Anne Serling talks 'Twilight Zone,' childhood

By Lory Martinez
Anne Serling, author of As I Knew Him: My Dad, Rod Serling gave a talk-back this past Sunday (March 16) after Elizabeth Mozer’s  final staging of The Twilight Zone in Binghamton University’s Watters Theatre.  The author discussed her childhood and some of the things that inspired her father’s work. The play, based on two of Rod Serling’s teleplays, “The Monsters Are Due on Maple Street” and “Dust,” featured the same narration style he used in his successful sci-fi TV series. Here are a few highlights from the talk, which included questions from audience members:
What did he (your father) like to do for fun?
He was more than this black-and-white image that you see walking across the MGM soundstage. My dad was brilliantly funny; he was a practical joker. My friends, if they felt a little wary initially about meeting him, within moments they felt completely comfortable. He was very passionate about, for instance, prejudice. Even as a little girl, I knew that he felt very strongly about that. So for the most part, (he was) very different from the image that you see.
What would he consider as some of his favorite episodes?
“Walking Distance,”  “Dead’s Head Revisited,” “In praise of Pip.” He admitted later on that there were a few turkeys, but overall he was very proud of his work.
Are there any unfinished manuscripts? And if there are, what are the chances that they will ever be worked on?
Yes, there’s something my dad wrote called “Stops along the way,” that’s hopefully going to be coming out soon, that JJ Abrams is involved in and that was something my dad was really proud of.
You father served in World War II. Can you touch upon how that impacted his later life and his work with The Twilight Zone?
Initially my dad was going to major in physical education, but after he got out of the war, he was so traumatized that he decided to switch to language and literature, because, as he said, he needed to get it out of his gut, he needed to get it off his chest. So obviously he found writing very cathartic.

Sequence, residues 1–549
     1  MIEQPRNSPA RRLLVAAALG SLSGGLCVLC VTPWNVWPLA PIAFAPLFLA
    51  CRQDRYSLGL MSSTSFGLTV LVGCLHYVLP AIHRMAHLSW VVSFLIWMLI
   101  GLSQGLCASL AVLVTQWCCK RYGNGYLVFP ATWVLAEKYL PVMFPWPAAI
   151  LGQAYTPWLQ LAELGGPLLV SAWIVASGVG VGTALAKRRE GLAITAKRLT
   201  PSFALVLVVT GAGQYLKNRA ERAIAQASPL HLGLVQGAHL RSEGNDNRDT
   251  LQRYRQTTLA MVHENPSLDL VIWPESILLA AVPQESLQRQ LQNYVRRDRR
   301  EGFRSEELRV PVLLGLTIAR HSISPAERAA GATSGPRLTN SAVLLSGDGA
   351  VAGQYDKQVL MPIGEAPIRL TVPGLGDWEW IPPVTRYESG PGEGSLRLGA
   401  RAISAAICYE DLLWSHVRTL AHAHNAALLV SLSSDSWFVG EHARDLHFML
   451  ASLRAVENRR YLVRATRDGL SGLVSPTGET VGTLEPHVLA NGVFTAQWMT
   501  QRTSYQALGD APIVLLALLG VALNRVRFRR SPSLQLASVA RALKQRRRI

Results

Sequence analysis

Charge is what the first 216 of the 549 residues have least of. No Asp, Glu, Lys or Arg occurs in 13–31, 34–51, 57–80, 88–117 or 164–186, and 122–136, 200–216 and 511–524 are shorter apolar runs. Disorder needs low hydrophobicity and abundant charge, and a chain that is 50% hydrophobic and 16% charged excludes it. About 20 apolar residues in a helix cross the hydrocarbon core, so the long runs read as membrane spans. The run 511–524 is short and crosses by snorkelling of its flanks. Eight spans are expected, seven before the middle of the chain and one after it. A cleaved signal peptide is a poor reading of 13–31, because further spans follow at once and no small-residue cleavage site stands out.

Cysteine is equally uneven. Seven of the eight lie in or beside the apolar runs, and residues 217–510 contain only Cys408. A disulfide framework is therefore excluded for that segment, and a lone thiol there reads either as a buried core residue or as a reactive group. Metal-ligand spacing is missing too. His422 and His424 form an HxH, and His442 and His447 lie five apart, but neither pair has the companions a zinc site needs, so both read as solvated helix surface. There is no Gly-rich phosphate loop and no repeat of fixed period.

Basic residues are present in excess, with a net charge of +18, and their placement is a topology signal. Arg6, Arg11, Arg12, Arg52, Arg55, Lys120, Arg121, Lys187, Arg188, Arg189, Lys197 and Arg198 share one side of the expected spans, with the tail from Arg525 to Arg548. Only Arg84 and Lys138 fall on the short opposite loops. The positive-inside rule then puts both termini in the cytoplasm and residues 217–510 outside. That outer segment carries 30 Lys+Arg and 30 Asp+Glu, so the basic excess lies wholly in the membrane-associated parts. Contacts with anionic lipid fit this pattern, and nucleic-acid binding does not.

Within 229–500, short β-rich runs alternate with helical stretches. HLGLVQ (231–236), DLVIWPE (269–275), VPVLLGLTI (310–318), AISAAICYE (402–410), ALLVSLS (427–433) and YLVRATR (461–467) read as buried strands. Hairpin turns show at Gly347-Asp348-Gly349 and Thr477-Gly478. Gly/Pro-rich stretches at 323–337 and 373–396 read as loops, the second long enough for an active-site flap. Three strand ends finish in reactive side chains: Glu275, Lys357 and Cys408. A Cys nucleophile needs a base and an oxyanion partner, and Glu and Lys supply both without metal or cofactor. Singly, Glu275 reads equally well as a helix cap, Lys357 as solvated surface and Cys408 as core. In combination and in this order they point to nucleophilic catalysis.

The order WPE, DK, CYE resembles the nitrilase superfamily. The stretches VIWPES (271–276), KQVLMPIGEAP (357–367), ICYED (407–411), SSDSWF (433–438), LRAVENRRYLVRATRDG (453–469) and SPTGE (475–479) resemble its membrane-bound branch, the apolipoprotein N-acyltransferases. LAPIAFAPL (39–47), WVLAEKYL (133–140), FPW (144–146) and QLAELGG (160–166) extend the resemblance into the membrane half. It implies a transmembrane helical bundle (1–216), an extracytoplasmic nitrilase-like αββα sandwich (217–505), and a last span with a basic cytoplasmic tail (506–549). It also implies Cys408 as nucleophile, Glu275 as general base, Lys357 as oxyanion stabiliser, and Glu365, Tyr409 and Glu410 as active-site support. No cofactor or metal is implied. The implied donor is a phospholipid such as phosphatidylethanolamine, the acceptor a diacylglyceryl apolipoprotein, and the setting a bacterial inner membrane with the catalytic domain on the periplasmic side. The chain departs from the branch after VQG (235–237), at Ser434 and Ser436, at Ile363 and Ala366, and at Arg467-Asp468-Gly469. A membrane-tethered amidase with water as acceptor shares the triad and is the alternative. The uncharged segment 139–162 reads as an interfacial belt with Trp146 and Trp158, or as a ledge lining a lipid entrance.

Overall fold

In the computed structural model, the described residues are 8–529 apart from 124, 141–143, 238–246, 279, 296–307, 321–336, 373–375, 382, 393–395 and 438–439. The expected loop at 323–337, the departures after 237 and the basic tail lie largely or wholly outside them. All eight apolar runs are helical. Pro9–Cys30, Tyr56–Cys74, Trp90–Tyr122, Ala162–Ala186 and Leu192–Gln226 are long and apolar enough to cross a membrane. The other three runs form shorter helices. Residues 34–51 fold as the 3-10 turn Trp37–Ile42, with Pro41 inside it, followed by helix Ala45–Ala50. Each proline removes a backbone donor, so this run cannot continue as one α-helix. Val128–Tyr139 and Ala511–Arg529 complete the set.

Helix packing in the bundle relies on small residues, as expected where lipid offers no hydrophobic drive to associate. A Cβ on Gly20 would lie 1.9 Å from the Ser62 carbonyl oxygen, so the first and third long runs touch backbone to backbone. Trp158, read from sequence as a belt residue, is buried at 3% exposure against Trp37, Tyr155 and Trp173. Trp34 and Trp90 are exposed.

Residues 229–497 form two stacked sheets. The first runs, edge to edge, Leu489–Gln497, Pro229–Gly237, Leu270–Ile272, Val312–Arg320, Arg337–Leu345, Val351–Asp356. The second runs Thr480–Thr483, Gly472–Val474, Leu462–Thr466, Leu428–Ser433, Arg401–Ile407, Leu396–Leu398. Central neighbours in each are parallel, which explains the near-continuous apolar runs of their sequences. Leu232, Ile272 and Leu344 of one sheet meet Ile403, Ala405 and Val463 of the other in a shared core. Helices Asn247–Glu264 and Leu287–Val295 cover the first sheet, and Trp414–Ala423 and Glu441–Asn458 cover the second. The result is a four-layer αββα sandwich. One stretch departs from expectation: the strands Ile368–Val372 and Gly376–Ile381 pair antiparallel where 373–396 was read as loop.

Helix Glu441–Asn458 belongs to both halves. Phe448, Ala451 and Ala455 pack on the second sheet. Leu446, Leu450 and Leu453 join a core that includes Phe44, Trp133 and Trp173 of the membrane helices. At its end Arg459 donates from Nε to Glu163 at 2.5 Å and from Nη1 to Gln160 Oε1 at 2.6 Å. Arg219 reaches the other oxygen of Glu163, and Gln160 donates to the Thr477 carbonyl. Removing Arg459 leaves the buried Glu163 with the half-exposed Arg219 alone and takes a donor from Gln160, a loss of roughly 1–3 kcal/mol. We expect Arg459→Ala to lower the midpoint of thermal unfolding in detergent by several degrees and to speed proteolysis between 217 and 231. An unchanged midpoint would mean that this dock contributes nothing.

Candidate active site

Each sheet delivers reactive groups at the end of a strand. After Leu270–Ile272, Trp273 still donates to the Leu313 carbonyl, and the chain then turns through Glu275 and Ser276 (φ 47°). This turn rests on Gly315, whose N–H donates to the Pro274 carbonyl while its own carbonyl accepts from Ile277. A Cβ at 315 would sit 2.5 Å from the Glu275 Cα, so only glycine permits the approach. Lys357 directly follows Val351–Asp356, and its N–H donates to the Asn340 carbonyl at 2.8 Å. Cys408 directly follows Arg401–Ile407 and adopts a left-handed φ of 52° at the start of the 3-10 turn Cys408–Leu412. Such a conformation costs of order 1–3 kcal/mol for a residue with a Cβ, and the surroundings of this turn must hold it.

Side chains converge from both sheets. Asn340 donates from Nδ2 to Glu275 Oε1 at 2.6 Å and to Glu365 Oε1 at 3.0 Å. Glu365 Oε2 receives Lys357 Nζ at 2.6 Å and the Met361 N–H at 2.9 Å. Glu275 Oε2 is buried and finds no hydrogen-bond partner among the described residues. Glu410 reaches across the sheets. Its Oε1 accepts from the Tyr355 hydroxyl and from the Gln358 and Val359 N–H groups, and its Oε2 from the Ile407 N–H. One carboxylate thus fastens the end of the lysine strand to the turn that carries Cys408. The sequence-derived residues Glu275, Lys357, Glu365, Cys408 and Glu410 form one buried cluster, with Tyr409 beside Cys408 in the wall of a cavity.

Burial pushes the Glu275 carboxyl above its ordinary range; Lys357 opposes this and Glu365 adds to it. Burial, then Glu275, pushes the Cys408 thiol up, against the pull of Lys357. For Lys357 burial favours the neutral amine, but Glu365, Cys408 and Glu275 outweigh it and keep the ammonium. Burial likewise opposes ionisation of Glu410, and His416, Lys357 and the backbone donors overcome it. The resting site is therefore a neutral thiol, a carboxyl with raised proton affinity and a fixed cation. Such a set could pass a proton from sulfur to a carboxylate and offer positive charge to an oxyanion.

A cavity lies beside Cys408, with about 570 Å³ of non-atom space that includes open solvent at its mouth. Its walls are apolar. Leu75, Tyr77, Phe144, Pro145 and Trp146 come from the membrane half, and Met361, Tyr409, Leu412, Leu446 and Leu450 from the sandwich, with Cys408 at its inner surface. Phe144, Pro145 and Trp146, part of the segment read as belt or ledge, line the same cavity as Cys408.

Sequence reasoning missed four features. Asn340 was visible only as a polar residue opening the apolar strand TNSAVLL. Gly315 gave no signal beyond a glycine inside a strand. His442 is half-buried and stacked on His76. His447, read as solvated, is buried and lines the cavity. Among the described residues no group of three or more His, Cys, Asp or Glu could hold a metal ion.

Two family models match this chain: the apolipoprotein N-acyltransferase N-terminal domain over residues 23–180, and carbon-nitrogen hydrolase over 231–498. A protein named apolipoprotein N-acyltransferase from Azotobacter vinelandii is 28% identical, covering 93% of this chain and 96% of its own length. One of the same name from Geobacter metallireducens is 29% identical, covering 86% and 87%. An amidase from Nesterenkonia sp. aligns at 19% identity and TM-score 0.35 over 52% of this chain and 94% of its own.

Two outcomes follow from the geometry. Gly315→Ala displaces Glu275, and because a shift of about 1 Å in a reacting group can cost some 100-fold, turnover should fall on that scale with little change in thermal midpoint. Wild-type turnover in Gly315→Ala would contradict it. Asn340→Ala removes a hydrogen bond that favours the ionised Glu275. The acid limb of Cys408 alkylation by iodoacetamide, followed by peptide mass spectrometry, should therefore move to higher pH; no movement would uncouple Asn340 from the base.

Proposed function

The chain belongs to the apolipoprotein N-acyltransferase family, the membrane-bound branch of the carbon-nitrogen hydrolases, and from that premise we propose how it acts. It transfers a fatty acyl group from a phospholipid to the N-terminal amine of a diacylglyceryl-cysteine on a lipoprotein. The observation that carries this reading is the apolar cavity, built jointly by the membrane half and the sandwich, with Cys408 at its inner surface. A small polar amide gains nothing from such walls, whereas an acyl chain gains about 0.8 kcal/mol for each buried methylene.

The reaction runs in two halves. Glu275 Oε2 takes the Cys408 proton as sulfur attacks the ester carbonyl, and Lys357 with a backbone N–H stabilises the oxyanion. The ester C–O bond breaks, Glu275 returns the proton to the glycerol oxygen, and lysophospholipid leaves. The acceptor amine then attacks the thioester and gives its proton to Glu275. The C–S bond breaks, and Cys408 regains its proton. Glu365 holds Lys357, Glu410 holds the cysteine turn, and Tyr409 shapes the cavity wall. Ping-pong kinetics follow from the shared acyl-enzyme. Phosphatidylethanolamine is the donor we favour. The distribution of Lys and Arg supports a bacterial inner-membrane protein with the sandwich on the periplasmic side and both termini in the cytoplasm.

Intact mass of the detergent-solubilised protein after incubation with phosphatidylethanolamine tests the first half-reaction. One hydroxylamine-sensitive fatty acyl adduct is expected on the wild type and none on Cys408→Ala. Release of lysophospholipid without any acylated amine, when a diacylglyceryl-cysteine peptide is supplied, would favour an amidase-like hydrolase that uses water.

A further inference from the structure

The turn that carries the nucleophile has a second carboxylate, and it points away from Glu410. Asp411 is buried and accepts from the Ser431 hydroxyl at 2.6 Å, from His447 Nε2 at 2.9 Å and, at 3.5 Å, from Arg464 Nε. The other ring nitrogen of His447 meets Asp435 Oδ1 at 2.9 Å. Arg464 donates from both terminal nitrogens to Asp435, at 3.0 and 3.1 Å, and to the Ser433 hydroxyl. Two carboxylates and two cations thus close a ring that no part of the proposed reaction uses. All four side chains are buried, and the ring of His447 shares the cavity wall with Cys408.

Were any of those stories, did any of them never make it because they were too much?
Well, actually, one of the reasons, if not THE reason, that he launched into The Twilight Zone was because he was so frustrated with censors and censorship and tried for years to tell the story about Emmett Till, and this “Dust” episode is somewhat a rendition of that. … he was able to get these moral messages and social issues out and slip them under the radar, because the sponsors had no idea what was going on.
 Did you ever get a chance to go onto the set?
I was really young when The Twilight Zone first aired, and my only memory is going to the set and all I remember are these stairs that led nowhere. … The episode “The Dummy,” my father brought home the dummy, and I obviously had not seen the episode, and we were just thrilled to have this dol,l and I remember it would sit up at the dining room table with us, and my sister and I fought about sleeping with it in our beds and we were just distraught when my dad had to take it back to the studio. And years later I saw the episode with this malevolent creature and it was just … oh, god!
How do you feel about the show being brought to a whole new generation of people?
It’s such an honor, and my dad would have just been speechless, and stunned really. He was quoted as saying that he didn’t believe his writing would stand the test of time and when asked what he hoped people would remember about him, he said, “Well, just that they remember that I was a writer, that’s sufficiently an honored position for me.” And this is such an honor. I’m so touched.

By | 2014-03-23T08:28:28+00:00 March 23rd, 2014|Arts Talk, Broome Arts Mirror|